More options:

or even DIY!

A virtuous cycle fueled by micro-bribes

We're trying an experiment of zero TV for the summer in the hopes that Aidan (our 6 year old) will get more into reading. I'm also paying him off shamelessly to the tune of $0.05 per book he reads.

It's working out much better than any plan I've hatched to date.  There were not even two minutes of combined complaining about summer tv deprivation. This after I braced for at least two weeks of protests.

I'm also incentivizing his little brother Dylan (3 years old) to coax Aidan into reading him books. I'm paying off Dylan on the side (1 cent) for every book he talks Aidan into reading. 

It's been surprisingly successful virtuous cycle fueled by micro-bribes.

Git - A quantum leap in software version control

"This is too important to miss out on. This is possibly the biggest advance in software development technology in the ten years I've been writing articles here." - Joel Spolsky

Every so often a software developer comes across a new tool that positively changes the fundamental way they work. This experience is invigorating and refreshing. For myself this seems to happen about once every two or three years it seems if I'm lucky.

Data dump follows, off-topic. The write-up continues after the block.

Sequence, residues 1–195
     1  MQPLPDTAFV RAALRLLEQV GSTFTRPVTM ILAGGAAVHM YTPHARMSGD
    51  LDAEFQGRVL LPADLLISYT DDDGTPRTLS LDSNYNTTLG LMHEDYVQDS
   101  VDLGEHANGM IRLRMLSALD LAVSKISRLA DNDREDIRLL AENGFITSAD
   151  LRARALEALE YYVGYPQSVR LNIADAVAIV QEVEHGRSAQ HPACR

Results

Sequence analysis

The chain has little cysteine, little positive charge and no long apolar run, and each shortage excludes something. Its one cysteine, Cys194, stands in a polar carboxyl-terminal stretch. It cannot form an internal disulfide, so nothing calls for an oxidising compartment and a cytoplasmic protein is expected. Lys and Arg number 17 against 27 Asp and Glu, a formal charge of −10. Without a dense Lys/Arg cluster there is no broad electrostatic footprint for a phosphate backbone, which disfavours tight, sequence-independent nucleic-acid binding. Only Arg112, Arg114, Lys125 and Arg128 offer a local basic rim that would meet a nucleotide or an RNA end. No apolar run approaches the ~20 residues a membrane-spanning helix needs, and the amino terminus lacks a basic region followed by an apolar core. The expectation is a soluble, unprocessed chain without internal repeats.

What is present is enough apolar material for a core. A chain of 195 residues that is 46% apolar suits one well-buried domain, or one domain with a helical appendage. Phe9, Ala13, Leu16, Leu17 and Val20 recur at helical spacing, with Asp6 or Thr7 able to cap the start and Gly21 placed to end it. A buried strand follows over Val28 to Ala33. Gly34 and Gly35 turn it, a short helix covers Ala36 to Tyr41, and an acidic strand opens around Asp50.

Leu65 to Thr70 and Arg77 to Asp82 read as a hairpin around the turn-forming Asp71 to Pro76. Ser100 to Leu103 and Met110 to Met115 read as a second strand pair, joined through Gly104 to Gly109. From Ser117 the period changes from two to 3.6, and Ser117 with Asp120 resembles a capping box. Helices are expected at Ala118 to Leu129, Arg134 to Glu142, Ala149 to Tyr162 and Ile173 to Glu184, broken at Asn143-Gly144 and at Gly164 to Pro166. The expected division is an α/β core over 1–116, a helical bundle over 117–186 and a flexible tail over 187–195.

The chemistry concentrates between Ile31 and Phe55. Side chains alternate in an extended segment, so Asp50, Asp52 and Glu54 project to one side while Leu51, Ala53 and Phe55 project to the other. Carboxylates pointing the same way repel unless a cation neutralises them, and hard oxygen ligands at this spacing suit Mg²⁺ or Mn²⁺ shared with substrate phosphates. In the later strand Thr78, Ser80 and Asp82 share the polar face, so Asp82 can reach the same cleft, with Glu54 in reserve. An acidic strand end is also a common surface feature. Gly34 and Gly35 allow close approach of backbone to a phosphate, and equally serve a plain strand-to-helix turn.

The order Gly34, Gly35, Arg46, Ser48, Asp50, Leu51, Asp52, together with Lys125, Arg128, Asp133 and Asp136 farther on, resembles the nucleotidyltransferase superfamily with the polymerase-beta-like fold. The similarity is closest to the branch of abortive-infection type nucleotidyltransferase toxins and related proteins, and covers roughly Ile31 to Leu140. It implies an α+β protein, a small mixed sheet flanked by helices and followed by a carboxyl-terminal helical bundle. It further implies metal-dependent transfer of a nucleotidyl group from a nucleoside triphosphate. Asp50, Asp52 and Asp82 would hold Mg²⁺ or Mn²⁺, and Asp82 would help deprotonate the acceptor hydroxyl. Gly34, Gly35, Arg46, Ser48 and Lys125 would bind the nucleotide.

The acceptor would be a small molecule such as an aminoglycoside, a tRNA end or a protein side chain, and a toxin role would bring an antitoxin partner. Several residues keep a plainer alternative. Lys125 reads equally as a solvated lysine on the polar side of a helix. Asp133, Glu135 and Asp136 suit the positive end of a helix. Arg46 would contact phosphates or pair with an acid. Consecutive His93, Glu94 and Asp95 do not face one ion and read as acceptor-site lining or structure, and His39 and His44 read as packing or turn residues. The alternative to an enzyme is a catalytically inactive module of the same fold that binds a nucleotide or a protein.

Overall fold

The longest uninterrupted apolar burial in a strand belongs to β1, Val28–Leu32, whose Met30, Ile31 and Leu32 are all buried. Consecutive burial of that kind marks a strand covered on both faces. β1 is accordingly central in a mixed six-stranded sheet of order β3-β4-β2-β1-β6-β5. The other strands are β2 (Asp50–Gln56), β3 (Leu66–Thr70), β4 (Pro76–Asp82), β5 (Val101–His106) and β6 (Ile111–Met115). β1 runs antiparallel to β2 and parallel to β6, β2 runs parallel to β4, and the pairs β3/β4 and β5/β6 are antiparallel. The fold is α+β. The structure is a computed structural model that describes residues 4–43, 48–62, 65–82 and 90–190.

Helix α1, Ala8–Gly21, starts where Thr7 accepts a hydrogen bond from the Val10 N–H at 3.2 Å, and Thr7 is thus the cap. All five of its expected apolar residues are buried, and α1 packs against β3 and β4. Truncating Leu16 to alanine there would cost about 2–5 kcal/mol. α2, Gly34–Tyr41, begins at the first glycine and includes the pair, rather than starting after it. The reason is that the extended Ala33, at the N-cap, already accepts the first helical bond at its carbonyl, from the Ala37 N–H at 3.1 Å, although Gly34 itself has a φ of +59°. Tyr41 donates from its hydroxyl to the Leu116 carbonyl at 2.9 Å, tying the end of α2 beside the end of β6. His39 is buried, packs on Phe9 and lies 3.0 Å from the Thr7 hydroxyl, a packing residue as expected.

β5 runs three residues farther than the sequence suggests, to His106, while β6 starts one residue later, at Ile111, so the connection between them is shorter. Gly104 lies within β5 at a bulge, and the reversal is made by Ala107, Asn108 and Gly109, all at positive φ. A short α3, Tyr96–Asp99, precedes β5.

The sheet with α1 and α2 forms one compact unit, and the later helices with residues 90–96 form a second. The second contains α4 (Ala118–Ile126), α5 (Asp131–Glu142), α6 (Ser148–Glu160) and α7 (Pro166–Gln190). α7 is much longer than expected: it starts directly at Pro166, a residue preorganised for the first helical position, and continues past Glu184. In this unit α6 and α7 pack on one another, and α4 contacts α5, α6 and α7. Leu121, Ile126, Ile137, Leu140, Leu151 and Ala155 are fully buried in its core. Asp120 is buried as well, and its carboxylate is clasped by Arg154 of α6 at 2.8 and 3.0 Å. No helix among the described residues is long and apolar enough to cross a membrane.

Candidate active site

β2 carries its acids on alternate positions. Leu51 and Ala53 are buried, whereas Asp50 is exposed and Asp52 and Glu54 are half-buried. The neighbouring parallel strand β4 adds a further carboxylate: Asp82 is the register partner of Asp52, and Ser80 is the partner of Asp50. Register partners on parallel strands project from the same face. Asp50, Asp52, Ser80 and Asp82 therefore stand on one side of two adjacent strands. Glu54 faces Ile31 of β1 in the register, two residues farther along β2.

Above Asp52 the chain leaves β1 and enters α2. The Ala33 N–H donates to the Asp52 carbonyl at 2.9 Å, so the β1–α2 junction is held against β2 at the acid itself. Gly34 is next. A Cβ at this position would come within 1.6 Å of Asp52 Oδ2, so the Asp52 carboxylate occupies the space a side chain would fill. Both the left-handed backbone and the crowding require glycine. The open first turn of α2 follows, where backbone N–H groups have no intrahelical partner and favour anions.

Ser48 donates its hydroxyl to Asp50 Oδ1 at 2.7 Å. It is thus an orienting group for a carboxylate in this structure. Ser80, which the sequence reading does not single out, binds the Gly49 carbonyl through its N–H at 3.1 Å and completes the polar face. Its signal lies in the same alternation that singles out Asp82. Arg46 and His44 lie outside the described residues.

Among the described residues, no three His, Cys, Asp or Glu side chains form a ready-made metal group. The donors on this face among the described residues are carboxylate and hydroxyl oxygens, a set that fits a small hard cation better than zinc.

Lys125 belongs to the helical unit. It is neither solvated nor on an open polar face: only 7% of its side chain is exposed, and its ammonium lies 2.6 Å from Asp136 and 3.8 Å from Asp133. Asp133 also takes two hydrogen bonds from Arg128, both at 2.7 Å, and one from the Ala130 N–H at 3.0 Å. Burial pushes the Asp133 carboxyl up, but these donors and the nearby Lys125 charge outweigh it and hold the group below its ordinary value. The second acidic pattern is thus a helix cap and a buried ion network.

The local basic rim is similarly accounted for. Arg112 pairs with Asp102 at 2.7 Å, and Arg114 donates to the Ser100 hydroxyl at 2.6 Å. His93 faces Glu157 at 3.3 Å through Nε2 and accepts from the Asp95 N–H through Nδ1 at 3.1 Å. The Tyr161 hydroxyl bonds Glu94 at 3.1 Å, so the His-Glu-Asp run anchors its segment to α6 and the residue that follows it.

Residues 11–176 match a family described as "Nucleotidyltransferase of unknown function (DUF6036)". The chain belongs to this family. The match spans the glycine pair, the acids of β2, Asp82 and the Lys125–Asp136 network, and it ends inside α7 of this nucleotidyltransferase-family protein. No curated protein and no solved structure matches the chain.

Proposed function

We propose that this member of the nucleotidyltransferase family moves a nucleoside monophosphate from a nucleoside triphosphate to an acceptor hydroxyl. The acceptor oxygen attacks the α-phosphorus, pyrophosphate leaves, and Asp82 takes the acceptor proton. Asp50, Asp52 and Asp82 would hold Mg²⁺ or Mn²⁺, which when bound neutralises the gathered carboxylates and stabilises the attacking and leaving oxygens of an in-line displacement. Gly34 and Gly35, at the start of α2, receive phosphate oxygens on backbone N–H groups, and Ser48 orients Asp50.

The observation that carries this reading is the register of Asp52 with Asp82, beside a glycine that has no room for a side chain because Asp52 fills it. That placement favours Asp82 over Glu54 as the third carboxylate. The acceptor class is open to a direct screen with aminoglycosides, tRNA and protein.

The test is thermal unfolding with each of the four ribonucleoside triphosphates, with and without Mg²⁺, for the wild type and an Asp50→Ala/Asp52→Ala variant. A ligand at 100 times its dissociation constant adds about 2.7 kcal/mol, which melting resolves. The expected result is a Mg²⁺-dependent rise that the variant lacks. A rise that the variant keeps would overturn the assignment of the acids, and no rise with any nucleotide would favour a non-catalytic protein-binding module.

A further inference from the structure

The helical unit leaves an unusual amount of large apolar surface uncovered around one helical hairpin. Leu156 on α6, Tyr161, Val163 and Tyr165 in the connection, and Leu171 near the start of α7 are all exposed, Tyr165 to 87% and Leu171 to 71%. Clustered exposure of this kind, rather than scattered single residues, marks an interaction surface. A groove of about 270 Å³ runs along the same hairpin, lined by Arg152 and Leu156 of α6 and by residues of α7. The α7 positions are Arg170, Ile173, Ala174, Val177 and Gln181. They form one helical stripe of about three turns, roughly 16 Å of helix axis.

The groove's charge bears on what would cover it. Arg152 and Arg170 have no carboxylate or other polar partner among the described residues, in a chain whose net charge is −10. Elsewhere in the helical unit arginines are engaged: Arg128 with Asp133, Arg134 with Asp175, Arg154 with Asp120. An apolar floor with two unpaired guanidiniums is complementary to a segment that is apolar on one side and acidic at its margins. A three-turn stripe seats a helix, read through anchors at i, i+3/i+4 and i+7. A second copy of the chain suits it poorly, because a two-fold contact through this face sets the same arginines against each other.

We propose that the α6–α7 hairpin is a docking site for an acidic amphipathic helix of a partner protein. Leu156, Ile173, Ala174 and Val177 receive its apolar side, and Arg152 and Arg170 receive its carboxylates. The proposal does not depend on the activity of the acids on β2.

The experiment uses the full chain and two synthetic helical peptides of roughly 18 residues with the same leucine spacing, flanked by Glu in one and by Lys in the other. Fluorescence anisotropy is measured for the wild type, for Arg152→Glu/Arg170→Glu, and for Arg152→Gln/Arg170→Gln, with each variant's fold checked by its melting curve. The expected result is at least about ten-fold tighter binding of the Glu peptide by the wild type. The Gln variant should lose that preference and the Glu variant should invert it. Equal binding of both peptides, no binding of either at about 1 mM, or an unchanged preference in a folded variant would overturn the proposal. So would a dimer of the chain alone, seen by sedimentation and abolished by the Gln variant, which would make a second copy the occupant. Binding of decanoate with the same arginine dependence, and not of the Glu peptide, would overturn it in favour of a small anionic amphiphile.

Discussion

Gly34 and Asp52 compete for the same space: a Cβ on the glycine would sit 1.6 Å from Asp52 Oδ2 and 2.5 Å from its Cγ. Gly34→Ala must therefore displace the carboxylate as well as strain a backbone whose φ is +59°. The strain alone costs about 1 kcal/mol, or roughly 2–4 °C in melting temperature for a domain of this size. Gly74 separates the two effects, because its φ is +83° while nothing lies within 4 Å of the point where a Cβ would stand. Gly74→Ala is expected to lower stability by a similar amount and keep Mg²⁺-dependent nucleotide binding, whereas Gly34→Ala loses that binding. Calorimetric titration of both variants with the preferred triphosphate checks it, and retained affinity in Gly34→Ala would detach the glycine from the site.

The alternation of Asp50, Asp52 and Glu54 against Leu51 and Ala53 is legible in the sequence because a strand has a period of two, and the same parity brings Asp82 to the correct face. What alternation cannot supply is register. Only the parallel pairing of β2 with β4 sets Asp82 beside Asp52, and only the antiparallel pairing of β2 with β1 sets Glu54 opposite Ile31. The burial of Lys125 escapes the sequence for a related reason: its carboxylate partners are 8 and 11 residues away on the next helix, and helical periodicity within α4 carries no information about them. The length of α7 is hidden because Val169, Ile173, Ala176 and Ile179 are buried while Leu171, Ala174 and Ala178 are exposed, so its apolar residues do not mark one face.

Just recently this has thankfully happened in the form of ?Git. There are loads of great articles on Git - why to use it, tutorials, etc.  So instead of repeating those I'll just link to a small subset of the very best ones I would tell 'pre-Git-Brendan' to get started with.

My favorite Git articles and sites:

Why I love Git

It's soooo easy to create your repository:  git init

As an independent contractor type I'm often working with multiple clients on multiple projects. The problem for me is that I'll sometimes work for a few weeks on a particular project but then switch off it for weeks, months or even years but then need to jump back in. For some of these projects I have Subversion repository created, but honestly it's can be a pain to get one started - find an appropriate server, check in your code trying to tip toe around compiled things your shouldn't be checking in, checkout another copy, switch your new 'subversioned copy' around, etc. The worst part is though even when you go to this trouble you often find that if you leave the project and come back some months later the repository has changed locations or your credentials were removed or EVEN history was lost. This seems like it should be rare but happens all-the-time even with the best intentioned of hosts.